Scientists have created a gene profiling test that may someday help reveal which people with early lung cancer are likely to suffer a relapse and would benefit most from chemotherapy. Separately, other researchers found that several new tumour profiling tests for breast cancer, including two already in general use, are similar in accuracy and should allow many women to avoid unnecessary chemo.
The lung cancer test needs far more testing, but is potentially breakthrough research building on years of work to develop personalized cancer treatments. Its accuracy so far (about 80 percent) is better than what we have, but inevitably, it’s not as good as we would like.
Both studies were reported in yesterday’s New England Journal of Medicine. Treatment guidelines for cancer have been relatively crude, i.e. based on a tumour’s size, whether it has spread, and other specific tumour characteristics.
As a result, many women with early breast cancer get chemo even though the vast majority would do fine without it. It is the opposite with early-stage lung cancer: even though about a third of patients will get worse and die, few get chemo because doctors can’t tell which ones will benefit, and the treatment itself carries risks. Chemotherapy can damage the liver, heart and other organs, and in some cases can kill.
Doctors hope that growing knowledge about the genes fueling these cancers will lead to better ways to tell who really needs chemo. The newly emerging tumour profile tests are tools to let them do that.
To develop the lung cancer test, Duke University researchers examined 198 tumour samples and analyzed 133 genes whose activity correlated with how aggressive the cancer was. Essentially, they created a fingerprint unique to the individual patient (that) predicts survival chances. Patients were scored as having a low or a high risk of recurrence based on the test, and results were compared to what actually happened to them.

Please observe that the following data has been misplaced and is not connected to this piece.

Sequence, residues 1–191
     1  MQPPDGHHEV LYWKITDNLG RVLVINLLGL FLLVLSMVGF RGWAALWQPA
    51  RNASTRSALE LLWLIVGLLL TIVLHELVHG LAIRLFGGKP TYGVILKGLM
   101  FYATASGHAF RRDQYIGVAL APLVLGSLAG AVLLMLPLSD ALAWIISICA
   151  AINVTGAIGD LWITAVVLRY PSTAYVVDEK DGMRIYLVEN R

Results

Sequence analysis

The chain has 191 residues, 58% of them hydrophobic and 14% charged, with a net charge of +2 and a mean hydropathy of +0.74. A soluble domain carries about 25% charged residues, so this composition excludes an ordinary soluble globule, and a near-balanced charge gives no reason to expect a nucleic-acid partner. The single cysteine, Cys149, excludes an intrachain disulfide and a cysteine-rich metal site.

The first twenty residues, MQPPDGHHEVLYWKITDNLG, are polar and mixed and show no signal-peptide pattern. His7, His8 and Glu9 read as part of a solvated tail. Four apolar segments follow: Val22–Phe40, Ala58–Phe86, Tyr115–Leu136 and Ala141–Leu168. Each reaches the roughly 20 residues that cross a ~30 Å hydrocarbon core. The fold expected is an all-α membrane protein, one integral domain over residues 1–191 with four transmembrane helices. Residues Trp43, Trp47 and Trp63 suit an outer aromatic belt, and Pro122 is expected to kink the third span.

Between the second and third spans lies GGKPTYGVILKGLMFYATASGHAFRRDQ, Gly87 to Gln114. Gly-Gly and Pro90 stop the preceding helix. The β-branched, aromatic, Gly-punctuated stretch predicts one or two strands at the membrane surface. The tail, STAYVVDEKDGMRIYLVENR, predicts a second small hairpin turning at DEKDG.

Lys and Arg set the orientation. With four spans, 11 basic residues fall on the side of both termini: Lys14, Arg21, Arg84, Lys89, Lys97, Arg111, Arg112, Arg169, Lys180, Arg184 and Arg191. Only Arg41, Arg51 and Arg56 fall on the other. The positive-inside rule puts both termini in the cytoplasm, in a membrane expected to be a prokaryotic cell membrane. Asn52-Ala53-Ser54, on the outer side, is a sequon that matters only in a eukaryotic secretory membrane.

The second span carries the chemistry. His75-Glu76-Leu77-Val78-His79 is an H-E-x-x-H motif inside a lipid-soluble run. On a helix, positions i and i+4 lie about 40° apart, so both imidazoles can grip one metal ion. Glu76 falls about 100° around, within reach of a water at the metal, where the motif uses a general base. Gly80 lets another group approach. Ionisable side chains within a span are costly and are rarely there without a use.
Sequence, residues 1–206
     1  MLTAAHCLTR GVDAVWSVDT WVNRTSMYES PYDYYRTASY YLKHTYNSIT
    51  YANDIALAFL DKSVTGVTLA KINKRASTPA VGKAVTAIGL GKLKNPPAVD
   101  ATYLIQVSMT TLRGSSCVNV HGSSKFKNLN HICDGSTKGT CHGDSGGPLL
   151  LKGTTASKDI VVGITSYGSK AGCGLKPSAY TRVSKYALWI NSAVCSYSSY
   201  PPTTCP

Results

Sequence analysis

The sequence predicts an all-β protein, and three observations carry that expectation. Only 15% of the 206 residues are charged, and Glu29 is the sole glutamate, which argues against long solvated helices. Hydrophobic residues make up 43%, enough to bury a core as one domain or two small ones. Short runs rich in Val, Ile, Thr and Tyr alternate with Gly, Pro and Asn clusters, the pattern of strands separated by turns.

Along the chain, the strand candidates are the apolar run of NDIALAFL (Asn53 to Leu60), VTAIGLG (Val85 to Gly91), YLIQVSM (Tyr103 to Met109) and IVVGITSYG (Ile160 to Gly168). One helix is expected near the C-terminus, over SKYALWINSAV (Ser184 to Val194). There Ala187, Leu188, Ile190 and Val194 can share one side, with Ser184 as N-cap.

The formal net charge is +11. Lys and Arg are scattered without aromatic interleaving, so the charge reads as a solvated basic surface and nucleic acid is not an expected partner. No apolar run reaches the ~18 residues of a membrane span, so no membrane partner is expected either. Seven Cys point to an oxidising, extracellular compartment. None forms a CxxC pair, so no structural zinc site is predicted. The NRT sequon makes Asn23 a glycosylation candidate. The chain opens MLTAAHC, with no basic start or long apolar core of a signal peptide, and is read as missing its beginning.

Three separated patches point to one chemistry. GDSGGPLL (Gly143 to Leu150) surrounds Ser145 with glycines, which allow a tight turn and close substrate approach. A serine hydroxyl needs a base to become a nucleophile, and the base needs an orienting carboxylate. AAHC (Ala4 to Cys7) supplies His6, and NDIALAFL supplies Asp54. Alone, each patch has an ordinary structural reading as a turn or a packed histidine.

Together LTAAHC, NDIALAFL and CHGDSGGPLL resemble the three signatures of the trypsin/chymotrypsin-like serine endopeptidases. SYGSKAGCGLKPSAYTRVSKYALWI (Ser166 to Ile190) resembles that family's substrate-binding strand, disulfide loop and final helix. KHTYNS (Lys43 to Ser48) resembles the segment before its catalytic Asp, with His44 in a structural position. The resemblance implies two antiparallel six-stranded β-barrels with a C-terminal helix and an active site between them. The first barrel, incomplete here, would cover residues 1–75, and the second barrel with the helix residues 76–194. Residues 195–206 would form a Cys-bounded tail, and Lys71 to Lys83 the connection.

The test was 93 percent accurate on the half of patients whose tumour samples came from Duke and 75 percent accurate on the rest. Current best tests to estimate risk based on tissue characteristics are about 60 percent accurate,
A larger study of 1,200 lung cancer patients will start in early 2007 to further evaluate the Duke test. After surgery to remove the initial tumour, patients will get chemotherapy or not, depending on their test score, and then will be followed for a few years to see how they do.
In the other study, researchers at the University of North Carolina at Chapel Hill compared how five gene profiling tests performed at predicting outcomes of 295 breast cancer patients. Although the tests used different sets of genes, four were remarkably similar in accuracy and better than tests used now that are based on tumour characteristics.
They agreed 80 percent of the time, indicating they all are ultimately tracking the same biological processes affecting tumour growth. Two of the four tests have been widely available for two years, and two large international studies have been launched to establish their ultimate accuracy and usefulness.
The tests can be automated and standardized for wide use, eliminating the variability that exists when pathologists have to evaluate the appearance of tumour cells under a microscope. Such tests in the future could potentially allow 30 percent to 50 percent of women to skip chemotherapy for breast cancer based on their gene profile.
New England Journal of Medicine
American Cancer Society